A common question that we get in the shop is “What size paddleboard do I need?” There’s no easy answer to that question because everyone is different. And there’s no one right answer…there are a lot of boards out there to choose from. But if you consider the questions below you will be a lot closer to picking one that is going to serve you well for years to come.
- What type of paddling do you want to do? Flatwater, yoga, racing, surfing, a little bit of everything?
- What is your skill level? Are you a beginner, intermediate or advanced?
- How much do you weigh?
- Do you have storage limitations? There’s a pretty big difference between storing a 10’ board and a 14’ board (4’ to be precise)
- What about transporting it? It can also more cumbersome to transport a 14’ board than a 10’ board.
You should discuss all of these factors with your local paddleboard shop so they can help pair you up with the right board for you. But here are some general guidelines.
1. What type of paddling do you want to do? If you want to surf you will want a much smaller board than if you want to race. If you want to do a little bit of everything you will want something bigger than a surf specific SUP.
- Surf specific paddleboards are usually under 10’. The better lot of surfers get, the smaller they tend to go.
- All around boards are typically 10’-12’6. These boards can be surfed, paddled on flatwater, paddled in open water, and can be used for fitness paddling or activities such as fishing or yoga. They generally are not going to be the best choice for any particular activity, but will be decent at a variety of things.
- Race boards are typically 12’6 and larger
2 and 3. Your skill level will be a factor in determining the size of board you need. More advanced paddlers don’t need as much “volume” in a board as less experienced paddlers. A board’s “volume” is a measure of the amount of water that the board displaces. In practical terms it is the amount of weight the board can float. If you are a new paddler and you are on a board with too little volume for your size, the tail of the board will sink and it will be much harder to move through the water. If you are a more advanced paddler, this is less of a concern because you will be able to handle less board above the water. Sinking the board tends to be more of an issue with surf style boards since they are inherently lower in volume. Touring and race boards generally have enough volume for most riders, but the narrow width of race boards can make them very tricky to paddle, so consider the width and shape in addition to just the length. Width can add a lot of stability. You want a big enough board for your weight and paddling level that you will spend more time on the board than in the water.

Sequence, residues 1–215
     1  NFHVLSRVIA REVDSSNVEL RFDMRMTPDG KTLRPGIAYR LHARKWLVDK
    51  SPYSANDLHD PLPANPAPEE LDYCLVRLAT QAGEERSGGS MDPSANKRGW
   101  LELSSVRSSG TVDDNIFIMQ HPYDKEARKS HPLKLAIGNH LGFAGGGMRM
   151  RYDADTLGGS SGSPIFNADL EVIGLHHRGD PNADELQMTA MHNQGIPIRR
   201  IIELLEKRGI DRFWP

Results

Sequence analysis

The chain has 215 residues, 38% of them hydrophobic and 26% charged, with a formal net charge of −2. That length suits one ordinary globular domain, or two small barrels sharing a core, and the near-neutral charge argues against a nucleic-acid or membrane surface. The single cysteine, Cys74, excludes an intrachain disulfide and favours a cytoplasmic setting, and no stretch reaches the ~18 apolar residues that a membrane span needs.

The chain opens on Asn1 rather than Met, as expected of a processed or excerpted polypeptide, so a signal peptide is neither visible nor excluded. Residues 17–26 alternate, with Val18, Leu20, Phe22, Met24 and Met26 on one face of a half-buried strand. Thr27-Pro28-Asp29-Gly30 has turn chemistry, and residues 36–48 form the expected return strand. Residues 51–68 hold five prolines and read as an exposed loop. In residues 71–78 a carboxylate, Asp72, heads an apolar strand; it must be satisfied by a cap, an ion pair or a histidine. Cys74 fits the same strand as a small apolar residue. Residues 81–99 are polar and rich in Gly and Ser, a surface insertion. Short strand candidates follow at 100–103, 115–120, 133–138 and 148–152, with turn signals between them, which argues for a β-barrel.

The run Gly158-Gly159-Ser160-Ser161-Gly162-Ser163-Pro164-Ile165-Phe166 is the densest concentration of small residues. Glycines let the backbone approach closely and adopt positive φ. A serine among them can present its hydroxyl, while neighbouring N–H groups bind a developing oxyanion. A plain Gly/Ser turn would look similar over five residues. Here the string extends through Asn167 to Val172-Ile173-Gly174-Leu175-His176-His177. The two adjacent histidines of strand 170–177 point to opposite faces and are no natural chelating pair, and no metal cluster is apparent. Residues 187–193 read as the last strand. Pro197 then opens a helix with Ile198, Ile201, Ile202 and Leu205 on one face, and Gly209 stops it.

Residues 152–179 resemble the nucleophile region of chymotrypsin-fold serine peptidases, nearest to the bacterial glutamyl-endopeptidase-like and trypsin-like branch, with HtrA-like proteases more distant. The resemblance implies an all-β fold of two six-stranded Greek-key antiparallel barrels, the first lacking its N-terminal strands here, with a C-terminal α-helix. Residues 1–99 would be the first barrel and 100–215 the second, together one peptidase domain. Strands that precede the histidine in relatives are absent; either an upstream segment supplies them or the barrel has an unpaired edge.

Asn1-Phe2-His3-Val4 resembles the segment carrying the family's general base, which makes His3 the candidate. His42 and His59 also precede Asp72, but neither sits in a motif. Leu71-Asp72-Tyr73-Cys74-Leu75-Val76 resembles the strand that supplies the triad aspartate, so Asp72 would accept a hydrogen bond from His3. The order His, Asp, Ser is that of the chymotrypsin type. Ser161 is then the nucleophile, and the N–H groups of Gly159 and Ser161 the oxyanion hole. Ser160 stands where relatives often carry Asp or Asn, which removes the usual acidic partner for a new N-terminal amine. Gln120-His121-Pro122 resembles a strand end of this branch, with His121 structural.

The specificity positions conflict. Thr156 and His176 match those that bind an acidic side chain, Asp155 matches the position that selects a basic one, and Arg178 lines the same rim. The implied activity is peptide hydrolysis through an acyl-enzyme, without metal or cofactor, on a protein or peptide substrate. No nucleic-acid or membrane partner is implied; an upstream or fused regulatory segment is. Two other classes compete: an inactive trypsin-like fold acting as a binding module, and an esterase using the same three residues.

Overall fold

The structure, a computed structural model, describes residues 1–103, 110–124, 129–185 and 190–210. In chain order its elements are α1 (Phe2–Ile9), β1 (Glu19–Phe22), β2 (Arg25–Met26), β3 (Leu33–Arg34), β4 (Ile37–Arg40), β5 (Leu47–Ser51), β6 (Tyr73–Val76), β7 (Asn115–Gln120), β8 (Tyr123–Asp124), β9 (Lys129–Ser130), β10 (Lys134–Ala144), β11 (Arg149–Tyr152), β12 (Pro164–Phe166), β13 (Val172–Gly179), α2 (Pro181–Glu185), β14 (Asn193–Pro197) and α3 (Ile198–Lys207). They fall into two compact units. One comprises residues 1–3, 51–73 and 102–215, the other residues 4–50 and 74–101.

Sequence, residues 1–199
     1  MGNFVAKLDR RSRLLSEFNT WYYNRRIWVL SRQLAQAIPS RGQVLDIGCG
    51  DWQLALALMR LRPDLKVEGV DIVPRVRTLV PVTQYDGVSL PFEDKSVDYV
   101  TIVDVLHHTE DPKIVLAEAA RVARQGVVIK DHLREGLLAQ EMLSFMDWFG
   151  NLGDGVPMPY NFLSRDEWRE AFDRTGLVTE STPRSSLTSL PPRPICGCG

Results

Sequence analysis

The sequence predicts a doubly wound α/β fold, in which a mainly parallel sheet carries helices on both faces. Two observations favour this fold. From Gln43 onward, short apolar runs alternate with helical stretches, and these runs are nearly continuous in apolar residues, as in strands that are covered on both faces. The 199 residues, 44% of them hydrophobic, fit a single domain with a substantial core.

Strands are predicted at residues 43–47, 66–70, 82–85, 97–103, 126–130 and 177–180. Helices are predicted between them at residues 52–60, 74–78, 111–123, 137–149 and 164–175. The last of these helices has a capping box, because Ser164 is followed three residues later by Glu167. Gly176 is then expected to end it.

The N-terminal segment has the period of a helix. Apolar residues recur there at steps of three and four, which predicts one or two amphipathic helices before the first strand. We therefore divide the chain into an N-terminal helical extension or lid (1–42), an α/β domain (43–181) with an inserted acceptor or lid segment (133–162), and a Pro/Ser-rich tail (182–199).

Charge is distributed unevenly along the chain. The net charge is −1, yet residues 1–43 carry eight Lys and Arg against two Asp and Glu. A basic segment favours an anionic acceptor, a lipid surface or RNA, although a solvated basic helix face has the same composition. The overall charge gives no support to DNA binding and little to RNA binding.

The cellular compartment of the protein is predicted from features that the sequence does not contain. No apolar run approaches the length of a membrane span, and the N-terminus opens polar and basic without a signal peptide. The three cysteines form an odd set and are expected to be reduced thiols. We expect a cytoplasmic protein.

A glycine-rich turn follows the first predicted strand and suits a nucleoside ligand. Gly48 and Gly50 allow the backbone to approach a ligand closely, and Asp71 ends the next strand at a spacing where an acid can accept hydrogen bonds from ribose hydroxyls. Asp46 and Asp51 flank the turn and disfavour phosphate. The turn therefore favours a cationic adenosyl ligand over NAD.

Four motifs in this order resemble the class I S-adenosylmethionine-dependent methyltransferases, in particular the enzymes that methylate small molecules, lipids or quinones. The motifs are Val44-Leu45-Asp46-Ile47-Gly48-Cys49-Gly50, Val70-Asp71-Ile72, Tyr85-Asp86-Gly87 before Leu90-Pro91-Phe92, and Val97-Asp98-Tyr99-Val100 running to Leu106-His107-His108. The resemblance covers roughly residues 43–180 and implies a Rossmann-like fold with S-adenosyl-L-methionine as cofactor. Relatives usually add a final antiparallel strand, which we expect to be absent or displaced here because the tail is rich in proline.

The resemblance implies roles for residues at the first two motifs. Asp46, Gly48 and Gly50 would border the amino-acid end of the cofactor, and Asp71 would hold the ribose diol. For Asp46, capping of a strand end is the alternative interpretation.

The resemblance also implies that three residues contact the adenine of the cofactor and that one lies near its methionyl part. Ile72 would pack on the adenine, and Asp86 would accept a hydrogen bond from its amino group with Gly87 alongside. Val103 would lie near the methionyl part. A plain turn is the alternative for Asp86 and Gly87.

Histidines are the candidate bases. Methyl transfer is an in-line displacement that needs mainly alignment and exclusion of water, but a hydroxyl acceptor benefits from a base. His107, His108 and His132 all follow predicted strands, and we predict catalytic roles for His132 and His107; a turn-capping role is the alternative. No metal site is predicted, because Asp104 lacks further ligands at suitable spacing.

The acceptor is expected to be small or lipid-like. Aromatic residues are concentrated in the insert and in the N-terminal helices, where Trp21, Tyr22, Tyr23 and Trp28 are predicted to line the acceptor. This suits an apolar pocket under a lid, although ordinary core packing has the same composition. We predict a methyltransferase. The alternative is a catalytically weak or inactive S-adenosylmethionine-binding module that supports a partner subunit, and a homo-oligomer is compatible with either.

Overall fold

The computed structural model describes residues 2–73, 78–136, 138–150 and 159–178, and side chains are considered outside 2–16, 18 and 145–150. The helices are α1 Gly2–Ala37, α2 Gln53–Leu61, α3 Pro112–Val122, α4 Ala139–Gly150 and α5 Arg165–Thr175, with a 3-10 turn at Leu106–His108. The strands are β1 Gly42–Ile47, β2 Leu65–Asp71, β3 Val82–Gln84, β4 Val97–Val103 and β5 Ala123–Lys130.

4. For some people paddleboard storage options are a limiting factor. If you have a 12’ shed, a 12’6 board will present some interesting challenges. You can get creative with how you store a paddleboard, but keep in mind that epoxy boards need to be kept out of direct sunlight for extended periods of time, so you will need a place that you can keep the board sheltered. And while they are built to be durable, they still need to be handled with care.
5. Depending on how you get your board to the water, the size (and weight) can be a big factor when making your choice. If you put your board inside of your vehicle there is probably a limit to what will fit. If it is going on your roof, there could be limitations to what you are easily able to get up there. Obviously longer boards are tougher to maneuver, but width thickness and weight can also be considerations. At 5’2 I have trouble getting a good grip on a 33” wide board. I also have small hands so getting them around the rails of a thick board can be challenging. If you are right on the water, and don’t have to load your board on a huge SUV, lucky you! The options are limitless.
These are not the only factors that will help you determine the right board for you, but they should give you a place to start. Keep in mind it’s not just about length…width, shape, rails, and style also have a big effect on how the board will perform and what will feel stable to you in the water. If you start by answering these questions and you will be well on your way to finding a paddleboard that you will enjoy for years to come.
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